Compared to February 2021, Democrats have lost five state Senate seats (866 v. 861) and 40 state House seats (2,449 v. 2,409). Republicans have gained 11 state Senate seats (1,085 v. 1,096) and three state House seats (2,917 v. 2,920).  

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October 2021 breakdown of state legislative party membership: 54.11% Republicans, 44.71% Democrats

54.11% of all state legislators are Republicans and 44.71% are Democrats, according to Ballotpedia’s October partisan count of the 7,383 state legislators.

Ballotpedia tallies the partisan balance of state legislatures at the end of every month. This refers to which political party holds the majority of seats in each chamber. Republicans control 61 chambers, while Democrats hold 37. The Alaska House of Representatives is the only chamber to be organized under a multipartisan, power-sharing coalition.

Nationally, the state legislatures include 1,957 state senators and 5,379 state representatives. Democrats hold 864 state Senate seats and 2,437 state House seats, a gain of three state Senate seats and a loss of one state House seat. Republicans hold 3,995 of the 7,383 total state legislative seats—1,086 state Senate seats (five fewer than September) and 2,909 state House seats (a decrease of three).

Independent or third-party legislators hold 40 seats, of which 33 are state House seats and seven are state Senate seats. There are 47 vacant seats.

Since our last partisan count, Democrats saw a net increase of two seats, while Republicans saw a net decrease of eight seats. 

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Andrew Yang leaves Democratic Party

Former candidate for mayor of New York and president of the United States Andrew Yang announced his registration as an independent on Oct. 4, 2021. Yang previously belonged to the Democratic Party since 1995.

Yang ran for mayor of New York in 2021 as a Democrat. He lost during Round 7 of the Democratic Party’s ranked-choice voting primary. Yang also ran as a Democrat in the 2020 race for president of the United States, filing his candidacy on Nov. 6, 2017, and suspending his campaign on Feb. 11, 2020. 

Yang announced his party change on Oct. 4 via a blog post on his personal website. Of his decision to change his party affiliation, he said, “My goal is to do as much as I can to advance our society.  There are phenomenal public servants doing great work every day – but our system is stuck.  It is stuck in part because polarization is getting worse than ever.  Many of the people I know are doing all of the good they can – but their impact is constrained.  Now that I’m not a member of one party or another, I feel like I can be even more honest about both the system and the people in it…I believe I can reach people who are outside the system more effectively.  I feel more . . . independent.”

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September 2021 breakdown of state legislative party membership: 54.22% Republicans, 44.68% Democrats

Photo of the Illinois State Capitol building

54.22% of all state legislators are Republicans and 44.68% are Democrats, according to Ballotpedia’s September partisan count of the 7,383 state legislators.

Ballotpedia tallies the partisan balance of state legislatures at the end of every month. This refers to which political party holds the majority of seats in each chamber. Republicans control 61 chambers, while Democrats hold 37. The Alaska House of Representatives is the only chamber to be organized under a multipartisan, power-sharing coalition.

Nationally, the state legislatures include 1,959 state senators and 5,383 state representatives. Democrats hold 861 state Senate seats and 2,438 state House seats, a loss of two state Senate seats and one state House seat. Republicans hold 4,003 of the 7,383 total state legislative seats—1,091 state Senate seats (the same as August) and 2,912 state House seats (a decrease of three).

Independent or third-party legislators hold 40 seats, of which 33 are state House seats and seven are state Senate seats. There are 41 vacant seats.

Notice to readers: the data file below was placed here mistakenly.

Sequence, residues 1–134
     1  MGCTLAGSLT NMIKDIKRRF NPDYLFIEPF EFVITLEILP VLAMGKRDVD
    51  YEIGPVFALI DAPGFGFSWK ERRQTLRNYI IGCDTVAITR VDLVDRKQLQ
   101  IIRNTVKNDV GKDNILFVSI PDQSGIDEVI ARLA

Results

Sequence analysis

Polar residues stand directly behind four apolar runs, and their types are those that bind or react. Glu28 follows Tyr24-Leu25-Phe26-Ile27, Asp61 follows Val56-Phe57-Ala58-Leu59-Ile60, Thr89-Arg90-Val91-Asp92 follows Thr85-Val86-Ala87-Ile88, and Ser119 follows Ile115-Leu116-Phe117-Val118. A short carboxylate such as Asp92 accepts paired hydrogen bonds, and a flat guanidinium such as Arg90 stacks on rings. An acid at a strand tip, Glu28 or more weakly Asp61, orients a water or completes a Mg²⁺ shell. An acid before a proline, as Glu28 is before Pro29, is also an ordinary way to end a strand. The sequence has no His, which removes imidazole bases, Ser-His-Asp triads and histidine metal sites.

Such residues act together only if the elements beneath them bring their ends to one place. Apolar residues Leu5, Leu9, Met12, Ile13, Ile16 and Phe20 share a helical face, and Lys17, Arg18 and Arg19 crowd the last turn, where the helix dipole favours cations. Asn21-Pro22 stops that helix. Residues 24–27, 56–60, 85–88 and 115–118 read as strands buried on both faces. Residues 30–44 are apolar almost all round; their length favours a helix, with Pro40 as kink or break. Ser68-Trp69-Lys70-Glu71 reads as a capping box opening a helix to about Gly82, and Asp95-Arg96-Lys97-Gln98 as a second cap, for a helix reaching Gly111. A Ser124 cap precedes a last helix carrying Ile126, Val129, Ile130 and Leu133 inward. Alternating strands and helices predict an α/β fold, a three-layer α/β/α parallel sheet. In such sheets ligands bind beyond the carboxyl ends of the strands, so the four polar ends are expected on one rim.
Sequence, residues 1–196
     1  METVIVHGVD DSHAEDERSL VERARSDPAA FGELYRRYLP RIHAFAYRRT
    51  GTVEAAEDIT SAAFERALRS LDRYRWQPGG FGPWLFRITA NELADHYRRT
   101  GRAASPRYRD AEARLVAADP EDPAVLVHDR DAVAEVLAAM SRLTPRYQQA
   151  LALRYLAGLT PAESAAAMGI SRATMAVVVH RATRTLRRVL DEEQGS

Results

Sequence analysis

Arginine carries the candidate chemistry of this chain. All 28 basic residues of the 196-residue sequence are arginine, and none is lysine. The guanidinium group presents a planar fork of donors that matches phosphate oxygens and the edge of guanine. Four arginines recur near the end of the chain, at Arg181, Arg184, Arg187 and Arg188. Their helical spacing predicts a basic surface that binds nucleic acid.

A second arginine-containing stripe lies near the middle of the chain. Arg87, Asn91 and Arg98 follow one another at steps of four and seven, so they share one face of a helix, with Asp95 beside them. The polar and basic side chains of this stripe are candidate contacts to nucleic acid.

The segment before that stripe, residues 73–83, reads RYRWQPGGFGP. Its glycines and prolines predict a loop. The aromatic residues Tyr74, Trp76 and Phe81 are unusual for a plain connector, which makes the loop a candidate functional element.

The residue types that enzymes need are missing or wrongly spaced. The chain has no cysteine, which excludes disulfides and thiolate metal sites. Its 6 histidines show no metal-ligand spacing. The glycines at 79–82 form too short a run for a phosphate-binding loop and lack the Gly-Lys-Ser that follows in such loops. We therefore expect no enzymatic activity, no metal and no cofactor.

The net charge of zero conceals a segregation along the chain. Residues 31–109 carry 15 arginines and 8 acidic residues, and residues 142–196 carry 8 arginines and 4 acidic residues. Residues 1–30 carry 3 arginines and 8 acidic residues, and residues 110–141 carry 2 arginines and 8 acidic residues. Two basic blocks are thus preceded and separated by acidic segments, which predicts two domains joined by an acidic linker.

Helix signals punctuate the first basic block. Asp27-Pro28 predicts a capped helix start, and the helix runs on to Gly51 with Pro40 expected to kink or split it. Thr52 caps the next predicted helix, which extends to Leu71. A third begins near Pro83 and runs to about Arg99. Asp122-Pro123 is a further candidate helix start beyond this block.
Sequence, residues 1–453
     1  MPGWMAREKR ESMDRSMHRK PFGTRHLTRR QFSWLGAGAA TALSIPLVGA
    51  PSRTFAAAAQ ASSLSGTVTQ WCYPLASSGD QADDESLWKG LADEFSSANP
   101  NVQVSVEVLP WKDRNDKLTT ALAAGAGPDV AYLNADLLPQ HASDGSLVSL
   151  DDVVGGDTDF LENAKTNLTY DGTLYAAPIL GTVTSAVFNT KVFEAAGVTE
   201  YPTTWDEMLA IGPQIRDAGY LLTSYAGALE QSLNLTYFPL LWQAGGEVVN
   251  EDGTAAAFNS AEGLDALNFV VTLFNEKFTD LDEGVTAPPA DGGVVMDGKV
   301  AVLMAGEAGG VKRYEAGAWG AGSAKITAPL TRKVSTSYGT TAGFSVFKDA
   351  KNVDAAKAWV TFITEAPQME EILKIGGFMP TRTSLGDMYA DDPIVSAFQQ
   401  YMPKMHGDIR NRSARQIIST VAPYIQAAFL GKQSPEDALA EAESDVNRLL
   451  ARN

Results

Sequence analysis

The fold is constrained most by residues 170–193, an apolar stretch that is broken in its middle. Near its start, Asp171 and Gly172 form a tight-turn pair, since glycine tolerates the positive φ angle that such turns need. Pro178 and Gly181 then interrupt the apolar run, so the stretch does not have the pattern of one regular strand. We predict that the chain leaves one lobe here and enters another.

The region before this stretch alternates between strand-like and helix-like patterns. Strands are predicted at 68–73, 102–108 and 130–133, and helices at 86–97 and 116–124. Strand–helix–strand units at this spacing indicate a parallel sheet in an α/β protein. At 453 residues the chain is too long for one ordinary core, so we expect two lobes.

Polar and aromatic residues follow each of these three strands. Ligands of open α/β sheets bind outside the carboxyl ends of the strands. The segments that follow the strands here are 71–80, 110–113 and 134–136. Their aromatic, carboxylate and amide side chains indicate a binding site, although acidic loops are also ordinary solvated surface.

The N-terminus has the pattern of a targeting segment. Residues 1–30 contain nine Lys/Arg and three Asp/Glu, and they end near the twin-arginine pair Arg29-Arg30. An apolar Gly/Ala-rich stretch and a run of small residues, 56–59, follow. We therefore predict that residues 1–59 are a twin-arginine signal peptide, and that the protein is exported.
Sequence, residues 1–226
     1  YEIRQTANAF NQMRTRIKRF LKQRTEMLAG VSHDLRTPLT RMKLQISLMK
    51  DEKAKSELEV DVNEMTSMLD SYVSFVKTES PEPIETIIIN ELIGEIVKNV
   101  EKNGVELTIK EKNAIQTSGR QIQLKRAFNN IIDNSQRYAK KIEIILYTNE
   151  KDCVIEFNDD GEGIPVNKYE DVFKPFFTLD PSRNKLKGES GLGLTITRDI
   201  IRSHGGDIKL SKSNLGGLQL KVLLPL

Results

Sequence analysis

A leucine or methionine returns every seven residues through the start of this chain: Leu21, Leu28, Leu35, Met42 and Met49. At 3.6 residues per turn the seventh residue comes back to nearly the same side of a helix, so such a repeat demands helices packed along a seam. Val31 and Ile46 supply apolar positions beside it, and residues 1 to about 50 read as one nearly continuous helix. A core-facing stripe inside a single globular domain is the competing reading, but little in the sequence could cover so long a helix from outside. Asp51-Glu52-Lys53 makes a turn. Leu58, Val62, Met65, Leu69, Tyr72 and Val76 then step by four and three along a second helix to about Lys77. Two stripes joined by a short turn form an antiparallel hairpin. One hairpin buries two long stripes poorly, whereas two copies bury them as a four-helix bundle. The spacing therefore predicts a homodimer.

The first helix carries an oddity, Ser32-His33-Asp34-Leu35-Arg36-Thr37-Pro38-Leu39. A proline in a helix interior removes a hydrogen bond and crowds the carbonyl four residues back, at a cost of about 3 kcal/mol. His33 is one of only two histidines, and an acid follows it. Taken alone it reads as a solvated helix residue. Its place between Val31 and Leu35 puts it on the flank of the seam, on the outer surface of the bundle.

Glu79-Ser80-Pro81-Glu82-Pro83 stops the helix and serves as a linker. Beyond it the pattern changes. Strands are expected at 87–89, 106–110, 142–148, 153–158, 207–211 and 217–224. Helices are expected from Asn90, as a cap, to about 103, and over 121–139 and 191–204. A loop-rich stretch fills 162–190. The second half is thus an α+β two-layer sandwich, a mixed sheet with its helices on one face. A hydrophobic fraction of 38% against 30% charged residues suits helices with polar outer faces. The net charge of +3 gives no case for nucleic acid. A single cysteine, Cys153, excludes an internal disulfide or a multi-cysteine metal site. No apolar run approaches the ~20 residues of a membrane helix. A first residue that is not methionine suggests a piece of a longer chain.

During the month of September, both Democrats and Republicans saw a net decrease of three seats. Compared to September of last year, the state legislatures are 2.09% less Democratic (46.77% to 44.68%) and 2.21% more Republican (52.01% to 54.22%).  

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Kirsten Engel, Wesley Breckenridge resign from state legislatures

Two Democrats, Kirsten Engel and Wesley Breckenridge, resigned from their state legislatures on Sept. 8 and 10, respectively. Senator Engel represented Arizona Senate District 10 from Jan. 11, 2021, to Sept. 8, 2021, while Rep. Breckenridge represented Iowa House District 29 from 2017 to 2021.

Engel resigned to focus on her 2022 campaign for Arizona’s 2nd Congressional District. As of Sept. 10, Engel was one of three Democrats Ballotpedia identified as running in the primary. Before joining the state Senate, Engel represented Arizona House District 10 from 2017 to 2021.

Breckenridge resigned to take a job with the Iowa Law Enforcement Academy. He most recently won re-election in 2020, winning with 51.5% of the vote to Jon Dunwell’s (R) 48.4%.

Arizona is one of seven states to fill state legislative vacancies through appointments via Board of City Commissioners. Iowa is one of 25 states to fill such vacancies through special elections. 

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Seven new judges join the Virginia Court of Appeals

Seven new judges joined the Virginia Court of Appeals on Sept. 1. The Virginia General Assembly elected eight judges to the court on Aug. 10, 2021. The eighth judge, Dominique Callins, will take office on Nov. 1, 2021, following the retirement of Judge William Petty. 

Established in 1985, the Virginia Court of Appeals was originally made up of 11 judges, but the passage of Senate Bill 1261 in March 2021 increased the number of judges to 17. The bill also expanded the “jurisdiction of the Court of Appeals of Virginia by providing for an appeal of right in every civil case.” Apart from the increase in judges, the bill has a delayed effective date of Jan. 1, 2022. 

The following seven people joined the court on Sept. 1. Their terms end on Aug. 31, 2029:

  1. Doris Henderson Causey 
  2. Vernida Chaney
  3. Frank Friedman
  4. Junius P. Fulton III
  5. Lisa Lorish 
  6. Daniel E. Ortiz
  7. Stuart Raphael

Virginia is one of two states to use legislative elections to select judges. The legislative election method of judicial selection is a process by which state legislators choose judges to serve on a court. This method is unique among selection types in that neither the governor (via appointment powers) nor the public (via direct elections) has a role in this selection process. South Carolina is the other state to use this method.